SwansFan Clocks up 11 Gold Medals Walking with Activ8rlives
Ron aged 86-years young has been walking with an Activ8rlives BuddyBand activity tracker (accelerometer) since early September 2013. He has recently been awarded his eleventh Gold Medal for walking at least 10,000 steps a day for 1,925 days, which equates to about 80+ minutes of walking for Ron on each of those days. In during this time he has walked and recorded over 22 million steps, no wonder he has walked the soles off 11 pairs of shoes!
As retirees, Sandra and Ron spend the winter months in Malta and the summer in the UK. With the warmer winter months in Malta, Ron is able to achieve and maintain a consistent 10,000 steps per day. By working together, Sandra and Ron have learned about their activity patterns and work on simple ways to make small changes during the colder weather to ensure they remain active. When we first wrote about Ron, he was well on his way to achieving his first Gold Medal with Activ8rlives back in September 2013.
Activ8rlives says: The logical assumption is that by connecting patients with technology – equipping them with access to their personal health data or the educational information relevant to their condition – they’ll take a more active role in their care. But the key is not just the technology and educational tools, but gaining insights into what behaviours motivate them, how it makes that person tick and how they sustain their engagement.
Accelerometers and pedometers don’t make people walk more, they are just facilitators. Unless they’re paired with some insight into human behaviour, they are not going to activate the person.
According to the King’s Fund about 15 million people in England have a long-term condition and the cost to the NHS is close to 70% of its overall budget and the number of people with multiple long-term conditions is rising1. Many people don’t feel confident enough to manage their own health, leaving people far more exposed to a deterioration in their condition.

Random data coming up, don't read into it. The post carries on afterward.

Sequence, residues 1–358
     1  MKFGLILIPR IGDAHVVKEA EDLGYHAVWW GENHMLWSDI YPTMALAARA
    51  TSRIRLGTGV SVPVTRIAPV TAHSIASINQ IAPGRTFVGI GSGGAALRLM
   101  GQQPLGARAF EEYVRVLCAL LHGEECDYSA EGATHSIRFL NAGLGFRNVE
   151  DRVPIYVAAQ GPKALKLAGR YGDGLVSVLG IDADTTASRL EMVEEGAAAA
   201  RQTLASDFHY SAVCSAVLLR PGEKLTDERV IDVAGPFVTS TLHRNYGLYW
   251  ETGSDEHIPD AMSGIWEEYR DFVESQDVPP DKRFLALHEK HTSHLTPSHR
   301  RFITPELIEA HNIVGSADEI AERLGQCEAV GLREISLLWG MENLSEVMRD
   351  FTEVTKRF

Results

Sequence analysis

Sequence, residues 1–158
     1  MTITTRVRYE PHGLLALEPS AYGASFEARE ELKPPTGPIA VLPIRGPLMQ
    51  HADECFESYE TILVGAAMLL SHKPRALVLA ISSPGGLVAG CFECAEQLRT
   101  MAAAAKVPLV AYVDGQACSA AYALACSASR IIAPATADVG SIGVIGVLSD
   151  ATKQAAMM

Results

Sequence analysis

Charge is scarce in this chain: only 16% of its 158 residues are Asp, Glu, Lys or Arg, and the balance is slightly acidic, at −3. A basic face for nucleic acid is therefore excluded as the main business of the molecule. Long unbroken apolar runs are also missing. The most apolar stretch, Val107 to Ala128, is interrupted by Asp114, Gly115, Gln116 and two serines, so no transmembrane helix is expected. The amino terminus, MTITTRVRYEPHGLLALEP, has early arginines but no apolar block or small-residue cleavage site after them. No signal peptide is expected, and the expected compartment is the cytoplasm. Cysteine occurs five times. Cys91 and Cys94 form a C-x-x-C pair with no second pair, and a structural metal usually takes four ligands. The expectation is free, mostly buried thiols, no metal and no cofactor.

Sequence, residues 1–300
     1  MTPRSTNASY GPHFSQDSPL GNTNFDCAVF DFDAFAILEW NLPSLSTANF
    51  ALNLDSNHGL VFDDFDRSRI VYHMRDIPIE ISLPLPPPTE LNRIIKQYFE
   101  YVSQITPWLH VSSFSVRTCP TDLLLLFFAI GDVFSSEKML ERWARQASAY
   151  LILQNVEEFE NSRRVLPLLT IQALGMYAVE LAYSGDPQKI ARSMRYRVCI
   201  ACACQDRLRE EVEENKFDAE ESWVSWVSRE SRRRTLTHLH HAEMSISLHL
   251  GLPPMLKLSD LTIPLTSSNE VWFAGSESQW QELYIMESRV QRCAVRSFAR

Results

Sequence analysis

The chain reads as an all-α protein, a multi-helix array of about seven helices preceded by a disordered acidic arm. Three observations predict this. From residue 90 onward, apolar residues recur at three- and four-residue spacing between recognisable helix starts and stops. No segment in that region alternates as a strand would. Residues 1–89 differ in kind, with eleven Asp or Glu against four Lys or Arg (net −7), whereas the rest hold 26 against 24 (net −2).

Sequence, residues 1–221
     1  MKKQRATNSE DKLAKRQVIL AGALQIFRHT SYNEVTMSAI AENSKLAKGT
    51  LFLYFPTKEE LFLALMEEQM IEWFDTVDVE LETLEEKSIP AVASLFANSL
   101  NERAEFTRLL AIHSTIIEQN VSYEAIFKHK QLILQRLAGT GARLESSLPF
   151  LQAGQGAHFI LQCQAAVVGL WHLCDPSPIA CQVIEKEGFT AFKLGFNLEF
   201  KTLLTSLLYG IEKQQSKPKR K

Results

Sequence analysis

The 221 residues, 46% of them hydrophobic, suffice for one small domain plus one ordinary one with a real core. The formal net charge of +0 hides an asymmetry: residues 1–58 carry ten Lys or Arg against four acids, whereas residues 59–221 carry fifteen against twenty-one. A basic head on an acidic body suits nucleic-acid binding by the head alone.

Studies show2 that targeted interventions, such as Ron’s ability to be able to walk 10,000 steps most day, increase a person’s activation and their capacity to self-manage their condition more effectively. Peoples’ activation describes the knowledge, skills and confidence a person has in managing their own health and care.
There is strong evidence demonstrating that exercise can improve or maintain health for all forms of long-term conditions4. For those diagnosed, once acute treatment by the NHS has ceased, participants are limited by support until they become acutely unwell or frail and then the costs to the health and care system escalate. They are also at rising risk of hospitalisation, with increased requirement for GP appointments.
Ron has shown a high level of patient activation and if we are as active as Ron when we are 88-years of age, we will be very pleased with ourselves. Research studies consistently demonstrate that being active in later life and in retirement wards off dementia, signs of old age, reduces our cancer and cardiovascular risks. It also helps us to control our long-term health conditions that we tend to develop during later life.
Keep it going Ron and Sandra – what a great example to us all to remain active as we age well and gracefully.
2. Sacha J, Sacha M, Soboń J, Borysiuk Z, Feusette P. Is It Time to Begin a Public Campaign Concerning Frailty and Pre-frailty? A Review Article. Frontiers in Physiology. 2017; 8:484.
3. McMillan Exercise Evidence Review
4. Hibbard, J and Gilburt, H. (2014) Supporting people to manage their health. The Kings Fund. https://www.kingsfund.org.uk/sites/default/files/field/field_publication_file/supporting-people-manage-health-patient-activation-may14.pdf